The most that can be argued against his recent comments on Hitler and Zionism is that they were badly timed and undiplomatic. They were in no way, however, fundamentally incorrect.
In 1984 Edwin Black wrote a key book on the matters referred by Ken. The work is entitled “The Transfer Agreement : The Dramatic Story of the Pact Between the Third Reich and Jewish Palestine” (New York, MacMillan).
Edwin Black is the most unlikely person to have an anti-Semitic strain in his writings. He is the son of Polish Jews who were survivors of the Holocaust. His mother escaped from a box car that was heading for the Treblinka extermination camp when she was 13 years old. His father escaped when being led to a shooting pit. They both survived by hiding in the forests of Poland for two years; eventually emigrating to the United States. Edwin was born in Chicago and raised in a Jewish neighbourhood.
See Edwin Black talking about his book here. Sections of his book can be found via this web-site.
John Mann became an MP in 2001. So I came across him in the Commons only for a four year period. Then we tended to move in different circles. This would not just be a matter of us pursuing differing agendas. Unfortunately, the Commons is a bit like going to School or College. You get to know people best in your own intake – although shared political horizons and the pursuit of common concerns will draw people together. Yet I was often tucked away in the Northern Ireland Select Committee (which Ken had also served on) whilst John moved on to the Treasury Select Committee.
It was not until I retired in 2005 that he set up and Chaired the All Party Parliamentary Group Against Anti-Semitism, which produced fine reports as shown here.
When the issue about elements of Anti-Semitism in the Labour Party gained national publicity, I had hoped that the work of people like John Mann on the All Party Committee would be used to show a different picture. For to me in confronting Anti-Semitism, Ken and John seemed to have more in common than in opposition.
But I was soon to be shocked by John's extreme reaction against Ken. It is not that I am uncritical of Ken, for he is clearly experienced and knowledgeable enough to realise that there are some issues in politics which grab people's emotions so strongly that they need to be handled with care. The same should, of course, also apply to John.
Tuesday, April 26, 2016
HILLSBOROUGH ECHOES: DAVID STEAD (After Carol Ann Duffy)
Two small crowds in one pub that Saturday
in April eighty-nine. One shares its name.
The other mirrors their hope – to win the game.
“They kick off in two hours!” - two miles away.
But now the passing honours, now displays
of pride. First Merseyside’s young hearts that burn.
The Forests grin and bear it, wait their turn...
The Nottingham, that semi-final day.
And every one would have a memory
of how they met last year. “Will this year be
the Double, or Quits?” They all walked on, to see!
Stone-boxed, back home. Perched high on terraced edge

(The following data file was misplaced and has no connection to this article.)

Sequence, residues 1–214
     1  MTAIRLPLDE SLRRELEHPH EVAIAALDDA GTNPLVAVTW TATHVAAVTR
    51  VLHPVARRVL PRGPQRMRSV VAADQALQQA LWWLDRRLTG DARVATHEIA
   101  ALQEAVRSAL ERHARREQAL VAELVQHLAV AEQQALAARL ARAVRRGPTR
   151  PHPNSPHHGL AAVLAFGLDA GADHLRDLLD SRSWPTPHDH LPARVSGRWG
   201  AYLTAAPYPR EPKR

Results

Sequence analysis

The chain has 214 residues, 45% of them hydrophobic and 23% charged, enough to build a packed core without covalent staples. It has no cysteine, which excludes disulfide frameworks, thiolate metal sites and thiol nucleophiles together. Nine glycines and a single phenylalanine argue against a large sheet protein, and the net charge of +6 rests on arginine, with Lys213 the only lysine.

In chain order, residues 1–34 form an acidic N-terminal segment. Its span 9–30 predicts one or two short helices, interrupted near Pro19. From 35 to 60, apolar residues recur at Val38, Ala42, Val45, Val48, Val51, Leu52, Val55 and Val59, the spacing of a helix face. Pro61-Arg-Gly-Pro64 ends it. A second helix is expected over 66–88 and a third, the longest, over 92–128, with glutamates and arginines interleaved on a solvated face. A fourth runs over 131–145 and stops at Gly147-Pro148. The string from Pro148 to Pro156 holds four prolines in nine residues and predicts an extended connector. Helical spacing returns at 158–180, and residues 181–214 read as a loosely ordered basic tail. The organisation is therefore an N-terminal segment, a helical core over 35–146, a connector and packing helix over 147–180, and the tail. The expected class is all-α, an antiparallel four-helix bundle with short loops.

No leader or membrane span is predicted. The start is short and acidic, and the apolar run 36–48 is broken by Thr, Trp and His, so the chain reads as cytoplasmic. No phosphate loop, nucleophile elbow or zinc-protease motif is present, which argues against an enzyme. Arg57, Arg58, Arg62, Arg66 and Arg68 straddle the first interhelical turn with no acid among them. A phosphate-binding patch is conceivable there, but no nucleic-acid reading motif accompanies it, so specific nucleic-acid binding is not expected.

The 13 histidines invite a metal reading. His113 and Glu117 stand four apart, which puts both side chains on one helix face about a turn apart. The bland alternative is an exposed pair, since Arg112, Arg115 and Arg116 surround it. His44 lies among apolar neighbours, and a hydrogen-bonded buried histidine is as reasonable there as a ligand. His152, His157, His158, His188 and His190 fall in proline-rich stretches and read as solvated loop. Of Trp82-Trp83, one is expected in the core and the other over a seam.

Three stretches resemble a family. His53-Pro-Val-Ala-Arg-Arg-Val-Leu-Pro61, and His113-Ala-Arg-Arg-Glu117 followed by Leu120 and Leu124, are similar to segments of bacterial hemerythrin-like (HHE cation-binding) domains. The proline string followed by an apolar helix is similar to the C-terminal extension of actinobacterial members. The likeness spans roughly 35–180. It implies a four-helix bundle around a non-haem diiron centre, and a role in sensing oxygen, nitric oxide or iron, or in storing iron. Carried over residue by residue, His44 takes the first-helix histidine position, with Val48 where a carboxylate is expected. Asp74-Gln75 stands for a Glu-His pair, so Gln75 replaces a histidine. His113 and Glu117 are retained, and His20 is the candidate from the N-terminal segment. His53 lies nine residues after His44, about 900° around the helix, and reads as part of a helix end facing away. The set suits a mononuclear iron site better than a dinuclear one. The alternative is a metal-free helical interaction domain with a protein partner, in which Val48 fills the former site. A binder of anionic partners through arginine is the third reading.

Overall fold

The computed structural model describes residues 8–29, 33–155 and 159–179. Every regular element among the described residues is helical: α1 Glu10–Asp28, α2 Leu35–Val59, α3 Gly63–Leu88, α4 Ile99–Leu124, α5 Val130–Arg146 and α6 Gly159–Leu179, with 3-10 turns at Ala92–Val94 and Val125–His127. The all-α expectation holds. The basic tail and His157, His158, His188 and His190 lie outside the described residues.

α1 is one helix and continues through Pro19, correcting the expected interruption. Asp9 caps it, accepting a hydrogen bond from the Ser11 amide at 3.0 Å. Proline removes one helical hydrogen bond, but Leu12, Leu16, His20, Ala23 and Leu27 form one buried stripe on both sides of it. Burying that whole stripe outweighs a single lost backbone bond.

- my attic view: the Don; green park; that stadium
whose sound waves lap the Crescent auditorium –
from that shoebox crouched blue on my window ledge.
Sense kick-off. Hear those chants! Wait for that glorious
ground swell that hails attack; roars ecstatic –
cut off. To dead ball – not yet ominous...
Along the Mersey now it’s very late.
Phone-boxed mothers; children; partners; wives; mates - still cry.
For each of them, the clock will too long be
stopped dead at fifteen minutes after three.
For none of us can ever say ‘Goodbye’!” –
without the Truth and Justice we all wait.
Friday, April 15, 2016
"The people of this country face a historic choice on 23rd June whether to remain part of the European Union, or to leave. I welcome the fact that that decision is now in the hands of the British people. Indeed, I voted to support a referendum in the last Parliament.
The move to hold this referendum may have been more about managing divisions in the Conservative party. But it is now a crucial democratic opportunity for people to have their say on our country’s future, and the future of our continent as a whole.
The Labour Party is overwhelmingly for staying in because we believe the European Union has brought: investment, jobs and protection for workers, consumers and the environment, and offers the best chance of meeting the challenges we face in the 21st century. Labour is convinced that a vote to remain is in the best interests of the people of this country.
In the coming century, we face huge challenges, as a people, as a continent and as a global community. How to deal with climate change. How to address the overweening power of global corporations and ensure they pay fair taxes. How to tackle cyber-crime and terrorism. How to ensure we trade fairly and protect jobs and pay in an era of globalisation. How to address the causes of the huge refugee movements across the world, and how we adapt to a world where people everywhere move more frequently to live, work and retire.
All these issues are serious and pressing, and self-evidently require international co-operation. Collective international action through the European Union is clearly going to be vital to meeting these challenges. Britain will be stronger if we co-operate with our neighbours in facing them together.